|Garlic||Sunny position, consistent moisture, fertile soil. Well drained spot. Slightly alkaline soil||Meat, stew, casserole, soup, marinade, vegetable, suaces, dips.||Garlic Sauce: http://toriavey.com/toris-kitchen/2015/03/toum-middle-eastern-garlic-sauce/|
The very final question for my culinary herbs course was ‘What have you learned about herbs’. My answer:
What I learned about herbs? What I already knew, and have known for years. They are indispensable to us and need to be treated with respect. Herbs are special and incredibly intriguing, and one never stops learning about them, using them and their properties. There is a herb for every ailment, every dish, every mood, and I’ve loved my herb journey so far and have the feeling it’s a journey which won’t end any time soon.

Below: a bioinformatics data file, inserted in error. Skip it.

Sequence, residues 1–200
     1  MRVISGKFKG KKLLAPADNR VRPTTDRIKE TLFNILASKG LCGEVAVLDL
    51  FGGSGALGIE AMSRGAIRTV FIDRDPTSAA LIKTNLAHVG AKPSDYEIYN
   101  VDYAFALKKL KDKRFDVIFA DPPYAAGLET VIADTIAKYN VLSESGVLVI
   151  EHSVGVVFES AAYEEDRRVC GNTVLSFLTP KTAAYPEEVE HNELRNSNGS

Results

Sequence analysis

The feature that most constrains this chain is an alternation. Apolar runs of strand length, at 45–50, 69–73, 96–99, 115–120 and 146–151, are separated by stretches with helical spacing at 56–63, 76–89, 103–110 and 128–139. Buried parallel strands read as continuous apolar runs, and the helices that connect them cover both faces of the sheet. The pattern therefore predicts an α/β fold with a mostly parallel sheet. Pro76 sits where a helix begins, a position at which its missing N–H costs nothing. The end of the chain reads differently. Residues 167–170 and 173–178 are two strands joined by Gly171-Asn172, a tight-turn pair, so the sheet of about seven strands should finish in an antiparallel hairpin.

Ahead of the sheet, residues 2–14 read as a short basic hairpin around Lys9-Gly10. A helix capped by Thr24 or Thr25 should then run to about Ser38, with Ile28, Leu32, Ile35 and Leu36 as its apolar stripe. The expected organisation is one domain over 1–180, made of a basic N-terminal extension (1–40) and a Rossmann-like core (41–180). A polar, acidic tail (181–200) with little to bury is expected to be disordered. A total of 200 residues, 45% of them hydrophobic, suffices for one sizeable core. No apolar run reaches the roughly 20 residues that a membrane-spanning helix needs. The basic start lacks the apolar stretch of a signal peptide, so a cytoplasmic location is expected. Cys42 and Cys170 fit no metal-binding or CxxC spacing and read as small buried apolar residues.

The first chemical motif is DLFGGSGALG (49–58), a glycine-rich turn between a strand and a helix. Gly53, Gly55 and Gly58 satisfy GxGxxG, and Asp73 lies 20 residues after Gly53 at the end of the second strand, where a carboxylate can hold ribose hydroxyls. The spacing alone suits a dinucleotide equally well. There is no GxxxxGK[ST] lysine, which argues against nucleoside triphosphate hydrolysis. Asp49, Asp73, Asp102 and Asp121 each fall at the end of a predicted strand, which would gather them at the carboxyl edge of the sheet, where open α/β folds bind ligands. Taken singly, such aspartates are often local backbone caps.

I love adding herbs to smoothies. Herbs transform smoothies from okay to magic – a sprig of thyme, some lemon balm, mint… Try some, you won’t be disappointed. Have you tried Aibika, also known as Queensland Greens yet? Read about growing and eating Aibika, and a yummy Aibika Mint smoothie recipe to go with it.